Wednesday, July 11
FDR’s last presidential campaign, “Final Victory: FDR’s Extraordinary World War II Presidential Campaign,” historian Stanley Weintraub discusses his book; followed by a question-and-answer session. Noon, U.S. Navy Memorial Heritage Center, Burke Theater, 701 Pennsylvania Ave. NW. Free. 202-737-2300 or www.navymemorial.org.
Museum band concert, the U.S. Air Force Concert Band performs. 12:30 p.m., National Air and Space Museum, Sixth Street and Independence Avenue SW. Free. 202-633-1000 or 202-767-5658.
“Operation Stormbreaker,” Geoffrey Sax’s 2006 action-adventure film about a youth who becomes an investigator, starring Alex Pettyfer and Mickey Rourke. 2 p.m., International Spy Museum, 800 F St. NW. $7. 202-393-7798.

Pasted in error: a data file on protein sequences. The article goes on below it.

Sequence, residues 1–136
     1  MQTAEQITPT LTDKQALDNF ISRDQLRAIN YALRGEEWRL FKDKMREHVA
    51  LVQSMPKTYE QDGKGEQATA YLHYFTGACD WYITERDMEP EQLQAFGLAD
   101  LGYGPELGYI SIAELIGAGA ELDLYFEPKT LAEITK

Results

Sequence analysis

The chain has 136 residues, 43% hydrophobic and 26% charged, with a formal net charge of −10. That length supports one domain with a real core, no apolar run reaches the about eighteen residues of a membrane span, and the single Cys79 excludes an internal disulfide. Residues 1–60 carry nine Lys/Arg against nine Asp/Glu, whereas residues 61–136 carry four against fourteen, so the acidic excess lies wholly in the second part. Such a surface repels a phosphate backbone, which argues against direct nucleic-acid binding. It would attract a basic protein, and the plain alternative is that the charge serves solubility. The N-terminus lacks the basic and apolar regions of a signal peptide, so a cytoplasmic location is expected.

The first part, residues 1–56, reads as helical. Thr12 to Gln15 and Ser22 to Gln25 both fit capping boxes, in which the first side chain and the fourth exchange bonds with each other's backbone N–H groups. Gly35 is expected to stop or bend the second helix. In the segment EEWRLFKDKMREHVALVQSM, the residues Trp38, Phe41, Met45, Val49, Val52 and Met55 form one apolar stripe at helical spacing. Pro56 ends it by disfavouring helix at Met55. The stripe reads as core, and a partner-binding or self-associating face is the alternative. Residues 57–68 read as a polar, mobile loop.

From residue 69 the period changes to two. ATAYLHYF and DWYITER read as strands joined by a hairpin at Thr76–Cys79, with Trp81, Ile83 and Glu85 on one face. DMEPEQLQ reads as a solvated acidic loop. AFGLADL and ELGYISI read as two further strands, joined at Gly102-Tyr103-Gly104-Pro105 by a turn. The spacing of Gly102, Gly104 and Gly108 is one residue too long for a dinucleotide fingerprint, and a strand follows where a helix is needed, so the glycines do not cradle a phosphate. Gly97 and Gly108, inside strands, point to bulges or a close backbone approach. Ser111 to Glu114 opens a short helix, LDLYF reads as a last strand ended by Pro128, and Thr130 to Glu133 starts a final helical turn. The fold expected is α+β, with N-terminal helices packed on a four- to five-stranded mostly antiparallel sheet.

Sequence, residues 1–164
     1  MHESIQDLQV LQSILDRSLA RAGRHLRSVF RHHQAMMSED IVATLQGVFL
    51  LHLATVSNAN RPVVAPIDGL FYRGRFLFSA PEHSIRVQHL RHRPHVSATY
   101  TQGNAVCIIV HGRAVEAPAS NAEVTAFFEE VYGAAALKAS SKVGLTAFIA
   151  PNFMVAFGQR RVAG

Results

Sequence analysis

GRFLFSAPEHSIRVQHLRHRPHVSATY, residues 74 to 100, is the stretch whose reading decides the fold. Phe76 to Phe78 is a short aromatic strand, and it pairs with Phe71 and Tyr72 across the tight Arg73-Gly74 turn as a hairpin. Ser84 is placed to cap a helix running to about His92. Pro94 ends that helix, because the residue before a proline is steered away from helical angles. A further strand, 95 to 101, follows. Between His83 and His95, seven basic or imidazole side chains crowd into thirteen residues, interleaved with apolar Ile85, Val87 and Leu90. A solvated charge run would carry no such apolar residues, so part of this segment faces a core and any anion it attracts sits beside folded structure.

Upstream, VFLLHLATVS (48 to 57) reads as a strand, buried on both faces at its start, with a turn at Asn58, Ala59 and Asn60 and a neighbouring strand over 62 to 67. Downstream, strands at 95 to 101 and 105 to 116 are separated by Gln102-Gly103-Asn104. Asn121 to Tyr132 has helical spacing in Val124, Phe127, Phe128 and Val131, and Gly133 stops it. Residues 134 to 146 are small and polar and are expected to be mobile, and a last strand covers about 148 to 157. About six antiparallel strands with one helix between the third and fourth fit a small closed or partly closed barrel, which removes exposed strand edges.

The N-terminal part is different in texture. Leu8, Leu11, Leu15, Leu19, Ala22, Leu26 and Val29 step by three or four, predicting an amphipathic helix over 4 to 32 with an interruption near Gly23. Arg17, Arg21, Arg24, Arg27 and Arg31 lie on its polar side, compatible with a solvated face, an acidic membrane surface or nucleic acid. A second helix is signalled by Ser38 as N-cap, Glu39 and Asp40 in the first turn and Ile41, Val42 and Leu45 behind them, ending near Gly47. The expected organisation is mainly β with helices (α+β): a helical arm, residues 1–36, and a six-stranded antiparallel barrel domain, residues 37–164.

E-book reader help, a librarian demonstrates how to read or listen to free books and other library media using an e-book reader, search for items in the library database and check out library materials with the e-reader; take your device and library card number. 2 p.m., Southeast Library, 403 Seventh St. SE. Free. 202-698-3377.
Children’s conservator workshop,for ages 8-11, children learn how to conserve historical documents; with a reading of “Ruth and the Green Book,” by Calvin Ramsey; and an examination of authentic artifacts, with the recording of observations and making of a preservation plan for each object. 3 p.m., Francis A. Gregory Library, 3660 Alabama Ave. SE. Free. 202-645-4297.
Anna Kahoe and Scott Fazzini, the interior designers discuss inspiration and mood as they guide participants through the creation of mood boards around an artwork on view in the Luce Center. 5:30 p.m., Smithsonian American Art Museum, Eighth and F streets NW. Free. 202-633-1000. http://americanart.si.edu/calendar/event.cfm?trumbaEmbed=view%3Devent%26eventid%3D99788127